Dear met with Jennetten and Steward the following day. They explained to her that the VA was taking this action because of her lack of supervisory skills, the numerous complaints in the Department about her, and her failure to come up with a plan to address the situation. At some point during the conversation, Jennetten also made the following remark, which Dear repeated in her deposition testimony:
After Dear's demotion, Gail Speer, a white nurse who was not as qualified as Dear for the post, replaced her on an interim basis.
On June 29, 2006, Dear contacted the EEO counselor within the VA's Office of Resolution Management. After an investigation, EEO counselor Thurman Story completed a report on July 12, 2006, in which he summarized interviews of Dear, Jennetten, and Steward. Two days later, Jennetten informed Dear that her temporary reassignment would end on August 6, 2006. Jennetten offered her three open, non-supervisory staff nurse positions for permanent reassignment. Dear responded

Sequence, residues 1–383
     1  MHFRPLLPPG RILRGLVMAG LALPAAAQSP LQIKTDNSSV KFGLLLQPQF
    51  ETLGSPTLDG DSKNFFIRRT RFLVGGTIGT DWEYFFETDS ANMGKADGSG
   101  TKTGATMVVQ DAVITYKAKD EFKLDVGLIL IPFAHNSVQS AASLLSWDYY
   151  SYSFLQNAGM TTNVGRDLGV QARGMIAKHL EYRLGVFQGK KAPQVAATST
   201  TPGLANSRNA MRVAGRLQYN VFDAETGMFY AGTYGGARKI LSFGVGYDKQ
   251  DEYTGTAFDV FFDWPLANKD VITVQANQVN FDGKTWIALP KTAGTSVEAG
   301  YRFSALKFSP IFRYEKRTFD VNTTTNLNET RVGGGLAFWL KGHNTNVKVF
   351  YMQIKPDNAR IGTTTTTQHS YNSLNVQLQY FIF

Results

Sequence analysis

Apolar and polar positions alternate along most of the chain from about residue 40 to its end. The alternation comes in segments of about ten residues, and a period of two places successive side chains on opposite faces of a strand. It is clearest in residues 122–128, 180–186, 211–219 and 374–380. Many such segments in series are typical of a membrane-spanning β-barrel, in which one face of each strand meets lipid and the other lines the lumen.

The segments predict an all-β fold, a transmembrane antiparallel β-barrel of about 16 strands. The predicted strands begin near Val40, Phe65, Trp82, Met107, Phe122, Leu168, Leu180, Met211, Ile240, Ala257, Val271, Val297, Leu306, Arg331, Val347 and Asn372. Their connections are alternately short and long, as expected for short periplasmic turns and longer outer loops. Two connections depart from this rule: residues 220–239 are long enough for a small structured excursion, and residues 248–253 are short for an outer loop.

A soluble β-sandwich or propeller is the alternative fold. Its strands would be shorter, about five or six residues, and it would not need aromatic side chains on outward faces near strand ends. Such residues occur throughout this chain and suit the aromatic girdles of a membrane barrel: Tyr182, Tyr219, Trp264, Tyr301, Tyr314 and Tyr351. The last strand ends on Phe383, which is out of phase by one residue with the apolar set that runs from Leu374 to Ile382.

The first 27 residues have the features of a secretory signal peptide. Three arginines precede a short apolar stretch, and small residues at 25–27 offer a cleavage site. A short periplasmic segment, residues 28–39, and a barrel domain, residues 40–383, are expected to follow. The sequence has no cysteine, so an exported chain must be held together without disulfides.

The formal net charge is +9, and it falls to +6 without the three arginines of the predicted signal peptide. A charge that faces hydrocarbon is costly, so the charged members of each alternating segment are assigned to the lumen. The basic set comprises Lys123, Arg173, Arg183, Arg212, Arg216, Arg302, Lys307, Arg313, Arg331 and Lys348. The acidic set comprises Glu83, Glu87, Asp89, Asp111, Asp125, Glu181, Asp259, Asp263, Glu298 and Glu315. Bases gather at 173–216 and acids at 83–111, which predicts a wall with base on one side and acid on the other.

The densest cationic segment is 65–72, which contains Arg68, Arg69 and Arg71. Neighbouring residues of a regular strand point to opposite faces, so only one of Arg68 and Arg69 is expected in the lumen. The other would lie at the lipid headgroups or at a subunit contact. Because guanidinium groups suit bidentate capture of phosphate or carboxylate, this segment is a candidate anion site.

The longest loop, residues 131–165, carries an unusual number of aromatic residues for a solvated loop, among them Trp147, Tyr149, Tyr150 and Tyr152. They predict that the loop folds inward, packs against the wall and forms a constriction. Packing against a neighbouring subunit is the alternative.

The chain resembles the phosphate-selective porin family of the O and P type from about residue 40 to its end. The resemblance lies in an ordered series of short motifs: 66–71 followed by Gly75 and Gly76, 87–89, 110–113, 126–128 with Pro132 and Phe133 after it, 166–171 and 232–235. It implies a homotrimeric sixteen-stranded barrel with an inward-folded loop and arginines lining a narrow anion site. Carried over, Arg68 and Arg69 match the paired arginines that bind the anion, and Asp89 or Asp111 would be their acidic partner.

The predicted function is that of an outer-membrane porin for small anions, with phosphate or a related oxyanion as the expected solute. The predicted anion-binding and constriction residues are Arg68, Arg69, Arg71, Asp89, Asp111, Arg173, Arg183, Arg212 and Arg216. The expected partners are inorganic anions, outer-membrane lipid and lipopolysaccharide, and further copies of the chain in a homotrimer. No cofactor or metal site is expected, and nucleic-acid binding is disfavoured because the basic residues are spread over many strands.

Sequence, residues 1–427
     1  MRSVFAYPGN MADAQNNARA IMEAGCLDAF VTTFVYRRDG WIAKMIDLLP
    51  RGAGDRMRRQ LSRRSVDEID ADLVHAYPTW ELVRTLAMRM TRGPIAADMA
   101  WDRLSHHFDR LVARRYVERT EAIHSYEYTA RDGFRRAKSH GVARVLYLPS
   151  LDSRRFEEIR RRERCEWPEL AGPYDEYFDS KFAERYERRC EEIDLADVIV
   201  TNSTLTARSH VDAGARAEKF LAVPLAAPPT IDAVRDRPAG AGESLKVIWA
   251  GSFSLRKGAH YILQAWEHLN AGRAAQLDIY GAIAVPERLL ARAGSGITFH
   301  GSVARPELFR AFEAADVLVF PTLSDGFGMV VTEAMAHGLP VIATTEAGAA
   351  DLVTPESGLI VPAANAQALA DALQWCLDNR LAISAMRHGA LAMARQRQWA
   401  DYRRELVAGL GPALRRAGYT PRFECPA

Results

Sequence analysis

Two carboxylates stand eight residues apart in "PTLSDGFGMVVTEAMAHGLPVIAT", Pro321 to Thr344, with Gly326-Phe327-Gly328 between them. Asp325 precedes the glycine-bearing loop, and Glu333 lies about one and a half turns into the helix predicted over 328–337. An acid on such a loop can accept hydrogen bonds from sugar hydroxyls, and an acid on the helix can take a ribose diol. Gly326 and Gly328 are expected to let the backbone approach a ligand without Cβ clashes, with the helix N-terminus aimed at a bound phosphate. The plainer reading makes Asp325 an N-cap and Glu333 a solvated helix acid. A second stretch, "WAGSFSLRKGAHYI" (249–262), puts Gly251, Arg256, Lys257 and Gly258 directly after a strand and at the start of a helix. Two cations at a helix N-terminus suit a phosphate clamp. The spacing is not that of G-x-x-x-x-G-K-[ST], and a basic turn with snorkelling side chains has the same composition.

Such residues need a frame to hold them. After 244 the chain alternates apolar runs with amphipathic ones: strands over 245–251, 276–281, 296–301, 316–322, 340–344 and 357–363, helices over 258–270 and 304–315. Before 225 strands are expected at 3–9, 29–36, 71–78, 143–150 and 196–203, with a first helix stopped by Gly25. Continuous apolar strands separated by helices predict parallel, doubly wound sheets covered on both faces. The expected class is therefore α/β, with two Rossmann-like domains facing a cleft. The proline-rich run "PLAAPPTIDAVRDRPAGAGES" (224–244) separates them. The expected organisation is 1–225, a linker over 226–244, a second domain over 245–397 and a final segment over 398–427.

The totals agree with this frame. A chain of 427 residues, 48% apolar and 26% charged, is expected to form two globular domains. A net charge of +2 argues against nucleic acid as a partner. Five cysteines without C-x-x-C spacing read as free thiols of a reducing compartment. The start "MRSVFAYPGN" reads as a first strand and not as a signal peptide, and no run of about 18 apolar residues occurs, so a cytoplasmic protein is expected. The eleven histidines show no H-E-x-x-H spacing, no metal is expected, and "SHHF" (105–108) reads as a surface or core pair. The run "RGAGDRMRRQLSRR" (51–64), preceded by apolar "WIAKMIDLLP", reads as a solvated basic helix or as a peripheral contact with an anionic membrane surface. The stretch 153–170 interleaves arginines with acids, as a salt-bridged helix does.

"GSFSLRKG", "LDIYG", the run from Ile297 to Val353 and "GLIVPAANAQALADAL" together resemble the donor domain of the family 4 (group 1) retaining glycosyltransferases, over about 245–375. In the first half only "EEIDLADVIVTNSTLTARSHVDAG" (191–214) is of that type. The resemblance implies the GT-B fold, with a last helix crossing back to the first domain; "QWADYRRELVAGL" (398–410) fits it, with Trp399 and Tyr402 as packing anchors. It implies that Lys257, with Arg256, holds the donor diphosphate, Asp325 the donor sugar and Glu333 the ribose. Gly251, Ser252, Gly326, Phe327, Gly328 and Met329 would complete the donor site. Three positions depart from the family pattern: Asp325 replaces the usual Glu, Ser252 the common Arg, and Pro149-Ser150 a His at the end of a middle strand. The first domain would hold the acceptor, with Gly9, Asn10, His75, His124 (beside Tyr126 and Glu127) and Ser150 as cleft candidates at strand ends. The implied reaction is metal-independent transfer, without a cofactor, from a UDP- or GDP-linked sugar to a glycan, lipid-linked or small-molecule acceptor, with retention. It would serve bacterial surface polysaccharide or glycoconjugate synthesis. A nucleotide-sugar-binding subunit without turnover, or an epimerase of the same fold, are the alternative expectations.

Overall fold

Dear eventually filed this lawsuit in April 2007, alleging racial discrimination, retaliation, and a hostile work environment in violation of Title VII of the Civil Rights Act of 1964, 42 U.S.C. § 2000e et seq. At the close of discovery, the Secretary moved for summary judgment, which the district court granted. Dear timely appealed.
As a threshold matter, we must determine which of Dear's claims are before us. There is no question about Dear's race discrimination and retaliation claims, but the Secretary contends (and the district court found) that the hostile work environment claim is barred because it exceeds the scope of Dear's administrative complaint.